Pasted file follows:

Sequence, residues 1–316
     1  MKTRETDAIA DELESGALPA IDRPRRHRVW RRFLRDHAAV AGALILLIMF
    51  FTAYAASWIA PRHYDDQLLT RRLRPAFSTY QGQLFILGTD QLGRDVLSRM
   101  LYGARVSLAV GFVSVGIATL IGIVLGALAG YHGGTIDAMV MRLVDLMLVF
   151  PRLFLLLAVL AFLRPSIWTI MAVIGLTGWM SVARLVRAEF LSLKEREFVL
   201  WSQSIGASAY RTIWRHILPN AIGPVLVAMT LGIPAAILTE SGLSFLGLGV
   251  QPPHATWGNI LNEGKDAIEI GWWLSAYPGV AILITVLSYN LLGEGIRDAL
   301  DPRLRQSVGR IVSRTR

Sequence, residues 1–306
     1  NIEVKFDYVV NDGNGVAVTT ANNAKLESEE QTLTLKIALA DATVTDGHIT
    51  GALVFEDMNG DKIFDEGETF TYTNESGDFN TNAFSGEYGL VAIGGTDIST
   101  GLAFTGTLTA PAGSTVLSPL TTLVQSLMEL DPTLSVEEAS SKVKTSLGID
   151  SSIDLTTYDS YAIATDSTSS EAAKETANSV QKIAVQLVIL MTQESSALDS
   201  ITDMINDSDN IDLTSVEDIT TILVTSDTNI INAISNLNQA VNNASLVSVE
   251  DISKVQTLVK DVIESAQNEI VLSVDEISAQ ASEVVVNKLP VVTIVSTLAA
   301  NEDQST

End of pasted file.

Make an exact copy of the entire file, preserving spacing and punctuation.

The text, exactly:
Sequence, residues 1–316
     1  MKTRETDAIA DELESGALPA IDRPRRHRVW RRFLRDHAAV AGALILLIMF
    51  FTAYAASWIA PRHYDDQLLT RRLRPAFSTY QGQLFILGTD QLGRDVLSRM
   101  LYGARVSLAV GFVSVGIATL IGIVLGALAG YHGGTIDAMV MRLVDLMLVF
   151  PRLFLLLAVL AFLRPSIWTI MAVIGLTGWM SVARLVRAEF LSLKEREFVL
   201  WSQSIGASAY RTIWRHILPN AIGPVLVAMT LGIPAAILTE SGLSFLGLGV
   251  QPPHATWGNI LNEGKDAIEI GWWLSAYPGV AILITVLSYN LLGEGIRDAL
   301  DPRLRQSVGR IVSRTR

Sequence, residues 1–306
     1  NIEVKFDYVV NDGNGVAVTT ANNAKLESEE QTLTLKIALA DATVTDGHIT
    51  GALVFEDMNG DKIFDEGETF TYTNESGDFN TNAFSGEYGL VAIGGTDIST
   101  GLAFTGTLTA PAGSTVLSPL TTLVQSLMEL DPTLSVEEAS SKVKTSLGID
   151  SSIDLTTYDS YAIATDSTSS EAAKETANSV QKIAVQLVIL MTQESSALDS
   201  ITDMINDSDN IDLTSVEDIT TILVTSDTNI INAISNLNQA VNNASLVSVE
   251  DISKVQTLVK DVIESAQNEI VLSVDEISAQ ASEVVVNKLP VVTIVSTLAA
   301  NEDQST